With the benchmark results in hand and ready to move forward, P&G's demand planning team surveyed the company's various business units and their respective supply chains to identify a likely candidate for a pilot project. "We looked for a business that was willing and able and had some need," Kremblewski says, "an area that was looking for some improvement around safety inventory and that fit the 'sweet spot,' with a reaction time on which they based their safety stock in the zone of 10, 15, 20 days." That business unit wound up being in Western Europe, and it went live last March on a pilot project. The objective for the project was to improve short-term forecasting accuracy sufficiently to yield a 10 percent reduction in safety stock.
In moving into the pilot, the demand planners worked closely with the supply side of the business to ensure that as safety stocks came down, the reductions produced no disruptions in product availability. Over time, both demand and supply gained increased confidence in the solution's results, allowing for further reductions in safety stocks on an incremental basis. The demand planning group was able to facilitate that process by "baking" Procter & Gamble's own inventory models directly into the RTF solution. Over the course of several quarters, P&G was, in fact, able to document a decrease in its short-term forecast error of more than 30 percent within this business unit, which translated into safety stock reductions of greater than 10 percent, exceeding the goals for the pilot.
Based on the results of the pilot, Procter & Gamble has started to roll the Real-Time Forecasting solution out to other business units, initially in Western Europe and North America. The individual businesses have to pay for the solution out of their separate budgets, but P&G isn't mandating the solution for all its supply chains, simply because it is not appropriate for all of them. "If you've got a four-month supply chain from China, your forecast accuracy over the next two weeks or three weeks or six weeks is meaningless," Kremblewski says. Rather, the solution makes sense only where short-term accuracy can have a real impact, and those are the business units that Procter & Gamble is targeting.
In terms of lessons learned during the pilot, Kremblewski says that companies considering such a project should not underestimate the challenge of getting the right data feeds established to supply the Real-Time Forecasting solution with the information necessary to make the forecasts. "It's not because there's anything wrong with the RTF tool, it's because we do some very strange things in our own systems," Kremblewski says, referring to the various idiosyncratic ways that P&G, like any large company, handles its enterprise data. In addition, he recommends working closely with supply chain partners to reassure them that the changes brought about by the improved forecast accuracy will not have a negative impact. As with the company's own staff, these partners must also gain confidence in the solution's results, Kremblewski explains.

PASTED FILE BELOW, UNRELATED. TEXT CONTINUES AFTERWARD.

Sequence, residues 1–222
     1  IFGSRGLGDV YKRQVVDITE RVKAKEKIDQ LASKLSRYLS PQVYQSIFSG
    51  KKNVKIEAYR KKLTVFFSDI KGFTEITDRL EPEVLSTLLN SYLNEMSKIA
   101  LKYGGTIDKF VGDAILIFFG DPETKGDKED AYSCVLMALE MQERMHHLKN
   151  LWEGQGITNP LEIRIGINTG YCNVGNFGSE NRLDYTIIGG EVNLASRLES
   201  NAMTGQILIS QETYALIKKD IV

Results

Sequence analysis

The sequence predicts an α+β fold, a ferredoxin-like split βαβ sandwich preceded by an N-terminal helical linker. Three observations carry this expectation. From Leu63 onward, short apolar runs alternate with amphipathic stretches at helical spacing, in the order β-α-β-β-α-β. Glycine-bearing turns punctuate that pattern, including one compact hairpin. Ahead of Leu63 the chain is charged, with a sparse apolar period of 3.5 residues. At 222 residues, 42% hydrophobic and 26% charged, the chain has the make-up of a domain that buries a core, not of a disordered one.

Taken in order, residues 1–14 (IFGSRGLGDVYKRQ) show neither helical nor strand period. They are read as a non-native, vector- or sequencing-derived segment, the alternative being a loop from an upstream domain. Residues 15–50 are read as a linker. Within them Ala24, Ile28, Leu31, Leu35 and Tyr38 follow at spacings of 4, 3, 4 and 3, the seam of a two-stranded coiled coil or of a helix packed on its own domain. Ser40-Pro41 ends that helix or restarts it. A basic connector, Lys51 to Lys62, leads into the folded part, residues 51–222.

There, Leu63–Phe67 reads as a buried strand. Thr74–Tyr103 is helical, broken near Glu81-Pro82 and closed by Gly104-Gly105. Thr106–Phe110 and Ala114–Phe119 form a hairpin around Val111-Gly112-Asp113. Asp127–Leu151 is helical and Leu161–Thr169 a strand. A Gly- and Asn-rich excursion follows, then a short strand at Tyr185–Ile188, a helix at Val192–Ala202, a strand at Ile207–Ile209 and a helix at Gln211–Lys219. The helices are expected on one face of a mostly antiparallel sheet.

Procter & Gamble has estimated that deploying Terra Technology's solution ultimately will yield more than $100 million in increased cash flow globally for P&G, according to Clark. But the greatest benefit from adopting this type of solution may come over the long term, as Procter & Gamble is able to shift its demand planners away from the inevitable firefighting and scrambling inherent in focusing on short-term forecasts. "Our demand planners have more than enough things to do without focusing on the next one, two or three days, or the next week," Kremblewski says. "The ‘black box' takes care of all that, which allows our demand planners to focus on the longer term, on the trends, on the business intelligence regarding the marketplace, what our customers are doing, etc. And that's where their real value is added, not watching orders or watching short-term trends. If the box can do it, let the box do it."